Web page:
You stood on the lectern? Your balance beats mine!
I was delighted when I checked the Grammar Rules posts at WritersDigest.com today. Robert Lee Brewer’s post featured three of my favorite furies among words worth defending: lectern, podium, and pulpit.
While Brewer’s examples are clear and well worth reading, I’d like to expand on them by looking at the roots of the words.
Lectern is related to lecture, lectionary, and other words relating to reading. My Webster’s New Twentieth Century Dictionary reports that lectern is from the Middle English letteron and Old French letterin.
Doesn’t that make it simple to remember that lecterns are where you place your letters, not your feet?
Podium, on the other hand — or foot — is what you stand on. You may have seen the videos of Queen Elizabeth II on a visit to the U.S. when she didn’t have a tall enough podium, and she did have a tall lectern. The result? Her purple-and-white-striped hat was all that was visible over the microphones.
Maybe someone misunderstood the definitions of lectern and podium on that occasion. But podium should be the easier one: Like podiatric, podiatrist, even pedal, it’s involved with feet. My Webster’s dictionary says it’s from Latin via Greek’s podion, a little foot. Of course, my fellow French-speakers will be reminded of pied, the French word for foot.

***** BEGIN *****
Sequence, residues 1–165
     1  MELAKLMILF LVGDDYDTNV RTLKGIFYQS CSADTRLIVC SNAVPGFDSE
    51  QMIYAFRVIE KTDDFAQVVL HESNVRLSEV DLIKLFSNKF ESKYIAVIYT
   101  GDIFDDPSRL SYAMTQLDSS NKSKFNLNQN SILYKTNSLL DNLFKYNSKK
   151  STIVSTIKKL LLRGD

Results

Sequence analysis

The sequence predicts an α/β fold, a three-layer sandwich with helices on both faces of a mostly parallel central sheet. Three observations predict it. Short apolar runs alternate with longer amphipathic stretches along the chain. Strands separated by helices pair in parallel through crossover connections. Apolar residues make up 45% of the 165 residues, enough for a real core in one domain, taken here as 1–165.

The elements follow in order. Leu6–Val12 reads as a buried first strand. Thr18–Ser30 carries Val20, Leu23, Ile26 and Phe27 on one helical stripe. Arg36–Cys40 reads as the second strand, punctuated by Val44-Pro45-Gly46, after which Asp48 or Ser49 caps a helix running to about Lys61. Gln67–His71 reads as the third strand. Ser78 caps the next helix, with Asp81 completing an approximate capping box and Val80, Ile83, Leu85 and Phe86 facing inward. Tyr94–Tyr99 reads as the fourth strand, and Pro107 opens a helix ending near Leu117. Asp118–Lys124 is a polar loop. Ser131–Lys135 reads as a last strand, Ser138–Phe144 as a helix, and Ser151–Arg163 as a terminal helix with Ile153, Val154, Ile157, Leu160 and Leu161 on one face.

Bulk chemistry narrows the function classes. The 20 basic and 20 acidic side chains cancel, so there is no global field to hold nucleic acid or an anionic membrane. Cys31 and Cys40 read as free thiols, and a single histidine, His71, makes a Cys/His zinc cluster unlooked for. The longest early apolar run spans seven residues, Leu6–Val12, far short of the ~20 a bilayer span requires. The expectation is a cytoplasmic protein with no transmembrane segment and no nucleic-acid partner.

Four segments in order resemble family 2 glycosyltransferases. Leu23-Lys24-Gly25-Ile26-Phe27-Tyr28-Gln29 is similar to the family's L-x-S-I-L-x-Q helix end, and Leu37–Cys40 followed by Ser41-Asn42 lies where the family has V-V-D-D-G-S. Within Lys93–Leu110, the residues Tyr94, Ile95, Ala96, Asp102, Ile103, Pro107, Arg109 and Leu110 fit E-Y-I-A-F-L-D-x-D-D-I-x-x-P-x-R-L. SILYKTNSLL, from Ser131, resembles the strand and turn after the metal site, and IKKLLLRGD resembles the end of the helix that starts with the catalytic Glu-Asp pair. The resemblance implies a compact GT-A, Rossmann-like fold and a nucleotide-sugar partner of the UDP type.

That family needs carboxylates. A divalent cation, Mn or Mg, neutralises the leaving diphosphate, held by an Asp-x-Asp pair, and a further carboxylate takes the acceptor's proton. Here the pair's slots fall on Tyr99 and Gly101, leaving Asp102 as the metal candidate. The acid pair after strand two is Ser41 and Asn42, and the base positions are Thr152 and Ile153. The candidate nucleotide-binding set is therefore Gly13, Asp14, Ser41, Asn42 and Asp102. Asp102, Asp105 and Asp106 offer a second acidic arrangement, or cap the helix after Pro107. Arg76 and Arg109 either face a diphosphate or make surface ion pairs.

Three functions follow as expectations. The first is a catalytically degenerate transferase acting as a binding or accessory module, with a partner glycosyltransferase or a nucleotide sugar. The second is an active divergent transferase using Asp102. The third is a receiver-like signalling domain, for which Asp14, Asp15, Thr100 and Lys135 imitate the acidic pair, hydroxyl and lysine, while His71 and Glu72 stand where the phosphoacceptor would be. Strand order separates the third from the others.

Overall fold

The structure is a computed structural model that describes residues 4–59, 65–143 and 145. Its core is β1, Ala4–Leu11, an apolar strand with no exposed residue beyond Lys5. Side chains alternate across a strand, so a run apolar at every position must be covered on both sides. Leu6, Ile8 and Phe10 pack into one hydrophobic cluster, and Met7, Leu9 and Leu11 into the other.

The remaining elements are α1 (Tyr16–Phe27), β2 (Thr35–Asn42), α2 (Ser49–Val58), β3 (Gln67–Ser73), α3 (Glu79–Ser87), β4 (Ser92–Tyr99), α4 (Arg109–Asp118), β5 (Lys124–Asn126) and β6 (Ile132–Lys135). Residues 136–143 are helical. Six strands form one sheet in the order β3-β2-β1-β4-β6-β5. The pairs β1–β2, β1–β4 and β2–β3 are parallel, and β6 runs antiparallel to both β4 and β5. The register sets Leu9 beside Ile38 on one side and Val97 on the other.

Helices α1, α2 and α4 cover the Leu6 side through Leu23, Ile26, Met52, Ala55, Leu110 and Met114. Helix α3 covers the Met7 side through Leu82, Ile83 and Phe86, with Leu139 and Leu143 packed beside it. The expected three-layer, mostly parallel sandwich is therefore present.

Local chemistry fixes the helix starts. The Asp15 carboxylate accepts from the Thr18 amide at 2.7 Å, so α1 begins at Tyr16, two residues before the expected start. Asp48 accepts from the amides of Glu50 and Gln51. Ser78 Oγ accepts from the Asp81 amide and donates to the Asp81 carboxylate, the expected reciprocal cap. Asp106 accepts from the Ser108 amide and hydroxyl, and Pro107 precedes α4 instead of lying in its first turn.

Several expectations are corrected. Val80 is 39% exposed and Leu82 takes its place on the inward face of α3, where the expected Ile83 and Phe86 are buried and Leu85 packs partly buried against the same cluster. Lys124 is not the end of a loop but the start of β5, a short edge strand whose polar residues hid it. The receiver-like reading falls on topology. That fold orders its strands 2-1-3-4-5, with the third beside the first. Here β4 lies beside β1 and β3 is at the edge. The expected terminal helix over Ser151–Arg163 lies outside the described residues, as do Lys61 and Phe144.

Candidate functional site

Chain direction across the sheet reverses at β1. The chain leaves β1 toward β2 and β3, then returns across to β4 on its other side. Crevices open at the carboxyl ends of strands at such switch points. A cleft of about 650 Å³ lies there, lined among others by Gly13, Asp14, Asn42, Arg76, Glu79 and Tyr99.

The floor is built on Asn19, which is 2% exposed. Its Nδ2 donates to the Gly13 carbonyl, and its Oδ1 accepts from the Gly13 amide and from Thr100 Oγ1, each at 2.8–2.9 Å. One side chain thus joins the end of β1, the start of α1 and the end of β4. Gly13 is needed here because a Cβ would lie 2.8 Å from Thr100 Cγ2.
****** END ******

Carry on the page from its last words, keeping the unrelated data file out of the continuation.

Pulpits are a bit different; the word is generally used in religious situations and places. I read psalms and prayers sometimes at my home church, and I step up on a podium and put my prayer notes on the lectern at the center of the front of the room when I’m ready to read. But when I recited a poem at a concert at church, the speakers went to the pulpit, which is off to one side, up some stairs, and lit differently than the center lectern. I put a copy of the poem on the lectern that night, but I had it so committed to memory that I didn’t need to look at it. On the other hand, I was nervous enough that I can’t remember whether I stepped on a podium when I walked into the pulpit.
So if you have a story about reciting something and standing on the lectern, your balance is definitely better than mine. Either that or you were standing on the podium.
Meet The Blogger
Margaret H. Laing
I moved to Chicago from the south suburbs in 1986. I have diverse interests, but I love writing about what I’m interested in. Whether it’s a personal interest or part of my career, the correct words to get the idea across are important to me. I love words and languages — French and Scottish words enrich my American English. My career has included years as a journalist and years working in museums, and the two phases were united by telling stories. I’m serious about words and stories. So here I am, ready to tell stories about words and their languages.
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